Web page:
'Ohio Diaspora' gives greater voice to historically overlooked artists
Working in her role as lead curator at the National Afro-American Museum and Cultural Center in Wilberforce, Ohio, Rosa Rojas has learned that an artist’s intent can be difficult to pin down.
In a late January interview in the Riffe Gallery Downtown, where Rojas curated the “Ohio Diaspora” exhibit, which opens Saturday, Feb. 1, she recounted an earlier time when artist Bruce Robinson showed in her gallery, creating mobilized sculptures embedded with bones and random ephemera and operated by remote control.
“What was interesting was that all of the materials he was using, I was responding to them, and they were telling me a story. It was a juried show, so the other juror and I were looking at them and completing full stories about the meaning behind these pieces, like, ‘You can tell why he used this bone here and that little plastic piece from a children’s toy,’” Rojas said. “And then we talked to him at the opening and he was like, ‘Hmm, that’s interesting, but no. They’re just materials that I enjoy.’
“Once again, it reminds me that we complete each piece by bringing our own experiences to it.”
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This is true throughout “Ohio Diaspora,” which features the work of 17 still-practicing Ohio artists with ties to African American culture (many of the works come from the collection at the National Afro-American Museum), including Robinson, whose wooden sculptures play with the space, casting shadows that give the works added dimension.
“The whole thing as a unit has to function, so all the pieces start to work as a puzzle,” Rojas said. “And then you’re representing black and white and color, and tonality and pattern, and different materials and concepts and themes, and then, at the end of the day, going through the exhibit, you really get a good cross-section of what African American artists are doing today.”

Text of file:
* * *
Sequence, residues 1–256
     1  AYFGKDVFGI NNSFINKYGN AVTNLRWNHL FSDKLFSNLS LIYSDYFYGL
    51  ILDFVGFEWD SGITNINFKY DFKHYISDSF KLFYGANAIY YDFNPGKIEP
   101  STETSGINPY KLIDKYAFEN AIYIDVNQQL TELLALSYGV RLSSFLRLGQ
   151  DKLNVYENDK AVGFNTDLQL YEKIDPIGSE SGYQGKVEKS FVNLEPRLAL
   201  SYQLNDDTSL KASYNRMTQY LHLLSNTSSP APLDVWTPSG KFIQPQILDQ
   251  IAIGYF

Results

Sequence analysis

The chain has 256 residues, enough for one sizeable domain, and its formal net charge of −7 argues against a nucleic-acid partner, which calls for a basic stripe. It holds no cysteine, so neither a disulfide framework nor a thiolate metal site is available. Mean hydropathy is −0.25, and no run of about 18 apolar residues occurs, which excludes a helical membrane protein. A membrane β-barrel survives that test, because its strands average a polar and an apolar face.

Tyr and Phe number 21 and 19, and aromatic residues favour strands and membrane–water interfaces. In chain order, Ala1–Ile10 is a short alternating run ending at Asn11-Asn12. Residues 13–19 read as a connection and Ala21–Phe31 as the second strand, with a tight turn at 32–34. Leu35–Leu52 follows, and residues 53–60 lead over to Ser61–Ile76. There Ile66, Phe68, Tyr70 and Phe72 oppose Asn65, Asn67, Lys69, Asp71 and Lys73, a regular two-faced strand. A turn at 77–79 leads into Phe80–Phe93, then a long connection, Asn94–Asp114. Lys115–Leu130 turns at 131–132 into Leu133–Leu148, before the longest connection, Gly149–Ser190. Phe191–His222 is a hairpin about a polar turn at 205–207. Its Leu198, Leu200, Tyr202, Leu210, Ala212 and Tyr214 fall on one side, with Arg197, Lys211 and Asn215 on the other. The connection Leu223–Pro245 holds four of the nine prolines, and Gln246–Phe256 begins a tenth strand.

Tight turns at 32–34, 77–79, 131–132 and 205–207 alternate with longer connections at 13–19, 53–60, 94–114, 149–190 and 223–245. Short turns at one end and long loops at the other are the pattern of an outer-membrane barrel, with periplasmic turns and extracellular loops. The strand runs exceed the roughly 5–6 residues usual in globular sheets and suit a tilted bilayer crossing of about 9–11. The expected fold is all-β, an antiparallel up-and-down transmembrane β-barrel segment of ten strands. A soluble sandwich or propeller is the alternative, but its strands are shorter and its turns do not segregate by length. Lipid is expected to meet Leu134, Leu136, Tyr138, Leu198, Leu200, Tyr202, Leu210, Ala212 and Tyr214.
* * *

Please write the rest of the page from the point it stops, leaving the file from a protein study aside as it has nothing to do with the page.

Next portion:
Though disparate, the works in the exhibit engage in shared conversation as one moves through the space. Queen Brooks’ painted wooden constructs, which mirror colorful tribal masks, echo the Bing Davis creations on a facing wall, while the black and white pieces by Dr. Carolyn Mazloomi share a color palette with the striking photographs by Columbus’ Tariq Tarey hanging on the nearby south wall.
Yet each artist’s work stands on its own, inviting the kind of deeper contemplation Rojas once bestowed on Robinson’s mechanical creations. A series of five photographs by Faith Moore, for example, initially attracted for their sense of mystery, the images distorted and obscured by melting patches of white. But reading the titles, taken from interviews with the subjects depicted (one example: “I Am Not American. America Has Shown Me That.”), as well as the artist’s statement, which included details about the process (the white blotches were created by exposing the photographs to sunlight), larger concepts about cultural erasure begin to swirl.
The exhibit shares a mission with the National Afro-American Museum in terms of elevating artistic voices that, historically, have not been given a platform. And even the location of the Riffe Gallery further amplifies this idea, the artists displaying on highly trafficked High Street, directly across from the Ohio Statehouse. For Rojas, though, the exhibit goes even beyond simply elevating these creators, speaking to concepts of legacy and carrying forward the voices of those artists whose stories may not have been fully told.
“I develop these close relationships, these friendships with the artists,” said Rojas, who held long sit-down conversations with all of the exhibitors in the run up to the opening, which will also feature live music performances from Paisha Thomas and Sharon Udoh of Counterfeit Madison, whose presence might leave some seeing triple (a pair of Udoh portraits courtesy local artist Lisa McLymont are also included in the exhibit). “I really get to know who they are, because … if I outlive them, then I’m going to make sure I’m still talking, and that I can still shed a little bit of light on their art, as well as that artist as an individual.”
77 S. High St., Downtown
Opening reception: 2-4 p.m. Saturday, Feb. 1
Rosa Rojas will also host a curator’s talk at 1 p.m. prior to the opening reception.